Schieffer Symposium discusses challenges in covering international affairs


    Correction: Nancy Youssef's last name and news organization were incorrect in an earlier version of this article. Youssef works for the McClatchy Newspapers.

    Five prestigious journalists were welcomed at TCU's Ed Landreth Auditorium Wednesday for the ninth annual Schieffer Symposium on the News. This year's discussion centered on challenges overseas, specifically the problems in the Middle East.

    The panel consisted of Bob Schieffer, TCU alumnus and chief Washington correspondent for CBS news; Charlie Rose, co-host of CBS This Morning; Fred Barnes, executive editor of The Weekly Standard ; Nancy Youssef, Middle East bureau chief for McClatchy Newspapers; and CBS News foreign corespondent Clarissa Ward. 

    Schieffer moderated the discussion amongst the panel and started by addressing Ward, who he praised for her undercover work in Syria and her fearlessness in returning five times, putting her life at risk. Ward discussed her travels in Syria and described the country as "the most challenging environment." 

    "In Syria there are no hotels. You're living with the people. Their hell is your hell," Ward said.

    Ward said there is "no escape ward in Syria," describing how she travels with no cell phone, but rather with a satellite phone so that her offices can assure she is safe.

    Schieffer jokingly directed the conversation to Barnes and Rose about life in the United States and asked about what was occurring in Washington.

    Barnes talked about how discussion of the 2016 election is already developing and how the topics of gun control and immigration reform are continuing.

    Rose said he is hopeful that we may see some progress even though we haven't seen any results yet. Schieffer added how he thinks we have "miles to go" on immigration reform.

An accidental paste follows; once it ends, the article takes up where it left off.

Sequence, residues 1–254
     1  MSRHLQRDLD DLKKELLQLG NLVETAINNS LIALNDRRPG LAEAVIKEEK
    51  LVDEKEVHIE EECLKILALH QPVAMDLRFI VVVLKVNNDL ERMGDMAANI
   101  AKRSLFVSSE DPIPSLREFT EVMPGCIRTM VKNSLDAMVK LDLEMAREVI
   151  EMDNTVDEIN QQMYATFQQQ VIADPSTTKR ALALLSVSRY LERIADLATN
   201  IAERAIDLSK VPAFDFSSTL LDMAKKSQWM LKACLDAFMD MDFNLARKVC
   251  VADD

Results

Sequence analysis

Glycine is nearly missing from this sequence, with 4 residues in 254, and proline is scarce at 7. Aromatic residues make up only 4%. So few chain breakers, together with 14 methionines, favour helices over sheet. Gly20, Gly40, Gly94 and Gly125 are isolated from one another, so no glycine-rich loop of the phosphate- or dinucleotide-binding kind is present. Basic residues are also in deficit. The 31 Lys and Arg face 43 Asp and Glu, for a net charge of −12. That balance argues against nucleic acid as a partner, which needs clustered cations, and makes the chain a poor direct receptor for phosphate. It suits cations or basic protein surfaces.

Schieffer then redirected the conversation to Youssef, asking her about the problems in Afghanistan. Youseff said there has been so much money invested in the country and little has changed over the years. "The real fighting begins when we leave Afghanistan," Youssef said. 

    Youssef also added how the United States is more worried about optics rather than "getting on the ground and fixing things."

    Ward added to the conversation by saying that the United States has not given Afghanistan an economy, but rather an economy of war. "It's hard to imagine peace in Afghanistan if we leave unless the building blocks of peace are in place before we leave," Ward said.

    Moving from Afghanistan to Pakistan, Ward described the relationship between the United States and Pakistan as dysfunctional, but also said how important it was that the relationship is there. "I don't know how we figure it out, but we need to figure it out," Ward said.

    "The relationship between the United States and Pakistan needs to exist," Barnes said.

    The symposium concluded with a question and answer session with the audience, where the panelists gave insight on their jobs as journalists. 

    "What we should never forget is that there are people who risk their lives to get the true story," Schieffer said.

    Ward then responded to a question from the audience by saying, "If you can't keep it together, then it's not the job for you."